While the April 2012 edition of the IMF's "World Economic Outlook" mentions an overall 5.3% growth for CEE economies in 2011, which is not at all a bad figure, the results recorded across the region are, in fact, quite diverging: from the Turkish and the Baltics high speed growth rates, of 5.5 to over 7%, to the much lower rate, of 1.7%, recorded in Bulgaria, Hungary or Czech Republic, or to the almost flat evolution of Croatia. Again, depending on the local factors, the economic development in the region was uneven, but some characteristics are common in most countries: an economic slowdown in the last part of the year, predicting a lower dynamic for 2012, not spectacular inflation rates, but rather high unemployment figures and weak purchasing power of the population. While some of the economies are close to regain their pre-recession GDP levels and other have already overstepped this "psychological threshold", most of the ordinary people of the region are still struggling with the day by day expenses.
We are finally looking to the "big CEE picture" for 3Q2011. Denominated in European currency, the total figures show a decrease of 0.7% in written premiums, to EUR 24.72 billion. Beside the obvious market shrinking registered in Croatia, Hungary and Romania, most of the negative regional trend came from the significant depreciation of the national currencies in countries as Poland and Hungary, which affected the results' conversion in Euro. A rough estimate shows that the weighted nominal growth of the CEE insurance market - calculated in local currencies - stood at about 4.28%.
In the CEE economies, growth will slow from 4.2% in 2011 to about 2.5% in 2012, as both domestic and external demand moderate, states the latest World Economic Outlook's upgrade document released this autumn by the International Monetary Fund. Although still far from the pre-crisis dynamics, it seems the CEE economies are doing well and are also entitled to an optimistic attitude with regard to their future. Of course, as always, there are still some question marks pending and also a few warning signs. "Downside risks to the outlook are significant and larger than at the time of the previous edition of the Regional Economic Outlook. Although more sluggish global economic growth has always been a possibility, quelling the tensions in euro area debt markets has proved increasingly challenging. If tensions were to escalate further, the economic and financial outlook for the euro area would darken considerably and the repercussions for emerging Europe would be dire".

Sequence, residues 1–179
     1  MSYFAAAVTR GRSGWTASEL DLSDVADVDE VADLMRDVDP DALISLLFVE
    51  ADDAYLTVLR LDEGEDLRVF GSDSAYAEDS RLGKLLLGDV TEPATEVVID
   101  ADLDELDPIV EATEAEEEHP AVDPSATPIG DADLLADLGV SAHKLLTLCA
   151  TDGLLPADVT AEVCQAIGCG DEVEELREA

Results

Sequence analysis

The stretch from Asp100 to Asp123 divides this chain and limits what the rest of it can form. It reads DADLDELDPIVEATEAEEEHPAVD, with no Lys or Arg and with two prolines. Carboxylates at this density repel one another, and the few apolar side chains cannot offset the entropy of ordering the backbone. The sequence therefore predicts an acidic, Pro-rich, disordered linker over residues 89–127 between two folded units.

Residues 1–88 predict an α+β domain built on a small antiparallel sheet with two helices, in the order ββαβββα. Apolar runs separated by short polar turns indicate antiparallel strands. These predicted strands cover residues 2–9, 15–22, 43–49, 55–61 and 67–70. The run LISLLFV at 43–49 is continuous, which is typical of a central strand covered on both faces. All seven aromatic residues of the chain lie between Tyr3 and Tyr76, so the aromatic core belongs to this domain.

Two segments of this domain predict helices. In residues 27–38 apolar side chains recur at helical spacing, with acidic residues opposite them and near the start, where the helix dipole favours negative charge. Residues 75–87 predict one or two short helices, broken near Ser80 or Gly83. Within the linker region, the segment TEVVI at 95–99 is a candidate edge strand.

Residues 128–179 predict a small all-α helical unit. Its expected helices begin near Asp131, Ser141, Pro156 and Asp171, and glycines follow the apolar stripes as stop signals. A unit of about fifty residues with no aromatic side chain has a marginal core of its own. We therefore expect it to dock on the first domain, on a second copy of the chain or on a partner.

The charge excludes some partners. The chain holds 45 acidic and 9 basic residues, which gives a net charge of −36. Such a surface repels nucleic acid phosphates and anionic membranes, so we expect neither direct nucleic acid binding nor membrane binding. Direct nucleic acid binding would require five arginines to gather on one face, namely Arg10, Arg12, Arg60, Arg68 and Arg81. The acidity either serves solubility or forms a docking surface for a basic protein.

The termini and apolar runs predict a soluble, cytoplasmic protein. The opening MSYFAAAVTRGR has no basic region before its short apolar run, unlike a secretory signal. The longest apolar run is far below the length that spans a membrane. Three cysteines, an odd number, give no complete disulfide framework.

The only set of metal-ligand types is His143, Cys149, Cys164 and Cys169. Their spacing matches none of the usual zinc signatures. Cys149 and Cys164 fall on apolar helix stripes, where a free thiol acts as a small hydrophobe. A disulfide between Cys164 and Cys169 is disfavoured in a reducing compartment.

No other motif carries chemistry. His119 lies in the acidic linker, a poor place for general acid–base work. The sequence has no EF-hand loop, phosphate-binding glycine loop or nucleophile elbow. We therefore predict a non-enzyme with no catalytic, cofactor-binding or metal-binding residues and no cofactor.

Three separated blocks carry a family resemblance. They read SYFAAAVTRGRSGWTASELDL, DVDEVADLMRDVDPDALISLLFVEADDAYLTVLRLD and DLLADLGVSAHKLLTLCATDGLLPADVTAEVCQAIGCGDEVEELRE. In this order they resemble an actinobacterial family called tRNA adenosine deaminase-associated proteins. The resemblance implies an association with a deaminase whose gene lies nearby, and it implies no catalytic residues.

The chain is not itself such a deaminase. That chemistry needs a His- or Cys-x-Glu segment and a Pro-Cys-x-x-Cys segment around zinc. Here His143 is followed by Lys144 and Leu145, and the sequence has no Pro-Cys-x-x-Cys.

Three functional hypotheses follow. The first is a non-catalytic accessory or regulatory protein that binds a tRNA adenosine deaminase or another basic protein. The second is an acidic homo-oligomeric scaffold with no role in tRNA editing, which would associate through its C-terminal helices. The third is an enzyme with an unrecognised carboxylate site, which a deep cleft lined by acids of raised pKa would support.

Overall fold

"In Europe, the recovery is proceeding modestly. Overall, real activity
in the region remains below its potential level and unemployment is
still high". This is, in short, how the IMF characterizes the evolution
of European economies in 2010, according to the Global Financial
Stability Report released by the international institution in April,
All in all, the CEE insurance market shows clear signs of recovery, although the happy times of "double digit" growth rates will probably return only in a couple of years, if they will ever return in the form we were used to in the last decade before crisis. Again Poland, as the main player in the region, is recovery driver. In fact, by placing a significantly above average growth rate, the Polish market starts to regain part of its lost regional weigh. Also the Czech Republics' market improved its share with about one percentage point, while Hungarian one is slowly, but constantly loosing small fractions of its regional weight. Since 2008, Romania also lost almost 1 percentage point of its share.